The True Cost of a Diamond

Blood Diamond Mining Ethical Alternatives

‘Blood’ and ‘conflict’ diamonds exploit workers, harm the environment, and are used to fund wars

 They are beautiful, revered and coveted beyond any other precious gemstone on earth.  

 Diamonds have always held a particular fascination for their extraordinary beauty and relative rarity. Diamonds have been mined from approximately 1000 BC, but since then, only 350 tons of diamonds have been taken from the earth, most of which are too small and unsuitable for use in jewelry. Accordingly, larger size diamonds are expensive and much sought after in the luxury jewelry world. 

But at what cost?

 A closer look at the mined diamond industry reveals an unsavory, behind-the-scenes history of worker exploitation, poor wages, organized crime, child and migrant labor and human trafficking. So-called ‘conflict’ diamonds have also played a substantial role in funding anti-government wars in Africa, indirectly causing untold suffering and misery in their wake. 

So, what exactly are ‘conflict diamonds’? According to the Kimberley Process Certification Scheme (KPCS), which was a commission set up in 2003 and ratified by the United Nations to try to prevent ‘conflict diamonds’ from entering the market, they are “rough diamonds mined in an area controlled by insurgent forces whose sale is used to finance anti-government military action.” 

Unfortunately, this definition would allow diamonds mined in Zimbabwe, a country notorious for killing and maiming thousands of child and adult workers to be declared ‘conflict free.’ Despite the cruelty and horrific mining conditions under which these workers suffer, the diamonds they mine would qualify, and be certified by the Kimberley Process as ‘clean’, ‘conflict free’ and sold to unassuming diamond consumers who think they are making an ‘ethical’ choice.  

 In fact, conflict diamonds continue to flood out of Africa as well as other countries such as Brazil, Russia and India, where it is difficult to closely monitor the age or ethical treatment of their workers. Over the past few years, experts estimate that around 60 million carats of confirmed blood diamonds have hit the international market - and are now being purchased by unsuspecting consumers.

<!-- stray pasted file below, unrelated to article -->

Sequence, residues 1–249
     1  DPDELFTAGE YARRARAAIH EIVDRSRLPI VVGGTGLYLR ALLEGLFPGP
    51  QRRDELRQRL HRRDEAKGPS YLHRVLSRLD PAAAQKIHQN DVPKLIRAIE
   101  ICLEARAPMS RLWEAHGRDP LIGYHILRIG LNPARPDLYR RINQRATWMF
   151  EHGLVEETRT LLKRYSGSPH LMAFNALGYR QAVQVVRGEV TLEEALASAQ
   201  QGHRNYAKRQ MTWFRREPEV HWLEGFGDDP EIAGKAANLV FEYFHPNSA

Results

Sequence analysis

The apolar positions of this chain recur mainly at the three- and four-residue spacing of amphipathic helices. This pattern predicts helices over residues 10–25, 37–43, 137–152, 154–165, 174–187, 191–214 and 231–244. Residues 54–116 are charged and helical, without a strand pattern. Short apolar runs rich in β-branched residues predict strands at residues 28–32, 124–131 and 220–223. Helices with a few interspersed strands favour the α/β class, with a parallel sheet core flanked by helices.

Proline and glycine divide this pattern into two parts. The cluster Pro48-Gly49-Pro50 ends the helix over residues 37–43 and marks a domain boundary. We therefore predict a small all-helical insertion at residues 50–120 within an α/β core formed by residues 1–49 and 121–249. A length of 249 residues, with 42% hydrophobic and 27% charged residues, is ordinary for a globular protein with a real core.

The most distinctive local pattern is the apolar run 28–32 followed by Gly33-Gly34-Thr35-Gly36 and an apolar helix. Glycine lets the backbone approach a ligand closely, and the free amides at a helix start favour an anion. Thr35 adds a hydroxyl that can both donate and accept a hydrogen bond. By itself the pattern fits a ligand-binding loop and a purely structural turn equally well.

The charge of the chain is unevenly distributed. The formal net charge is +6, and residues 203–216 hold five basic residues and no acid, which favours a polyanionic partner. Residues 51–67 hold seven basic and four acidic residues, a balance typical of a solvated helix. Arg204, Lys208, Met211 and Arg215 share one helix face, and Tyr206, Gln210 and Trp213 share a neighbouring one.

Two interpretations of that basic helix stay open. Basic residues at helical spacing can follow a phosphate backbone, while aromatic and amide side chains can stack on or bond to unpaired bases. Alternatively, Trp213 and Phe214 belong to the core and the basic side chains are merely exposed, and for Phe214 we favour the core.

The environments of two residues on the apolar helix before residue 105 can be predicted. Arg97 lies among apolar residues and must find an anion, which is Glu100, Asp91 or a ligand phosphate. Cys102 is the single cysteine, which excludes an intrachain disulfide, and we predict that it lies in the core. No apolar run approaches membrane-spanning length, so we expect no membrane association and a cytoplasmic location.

Many diamond workers are underpaid and work in dangerous conditions, with little or no training or safety equipment, because the object is to extract the diamonds at the lowest possible cost to the mine owner. Worker protection is the last consideration, so accidents and deaths from landslides or mine collapses can be common in smaller-scale mining operations. 

And then there are the adverse effects on environment and on human health. Irresponsible mining has led to extensive soil erosion, ecological devastation and deforestation, forcing local populations to relocate. It has had a particularly damaging effect on rivers, which have been re-routed and dams constructed to expose the riverbeds for mining purposes, with disastrous consequences on fish and wildlife. In some places, diamond-mining can cause entire ecosystems to be destroyed. In Sierra Leone, for example, thousands of abandoned diamonds mines have resulted in a desolate landscape, with no wildlife and extensive topsoil erosion. There is no more farming possible in these areas. Abandoned mining pits, which fill with stagnant water, have become infested with mosquitoes spreading deadly malaria and other diseases. 

The cost is too high for ethically minded consumers. 

Conflict Mined Diamonds

If you are in the market for a diamond engagement or other jewelry as a gift for a special person in your life, you may want to think about the journey your earth-mined diamond may have taken to reach you – and how many people have suffered or been hurt along the way. You may not want the symbol of your love and commitment to be associated with controversy and pain. The 81.4 billion diamond industry still operates with low-paid, abused workers on one end and the glittering showcases of high-end jewelry retailers on the other – despite the efforts of the Kimberley Process. 

 There is a beautiful – and more affordable solution. At Stefano Navi we only use lab-grown diamonds, made through a scientific process that mimics the natural processes that create earth grown diamonds. They have exactly the same chemical, optical and physical properties as earth-mined diamonds; in fact, many experts cannot tell the difference.  Best of all, you can buy one with a clear conscience - and with considerably less of a drain on your wallet.  

 Lab-grown diamonds are real. They are stunning, affordable, eco-friendly, and most importantly, they will always be ‘conflict’ and ‘blood’ free. Shop conflict free diamond jewelry here


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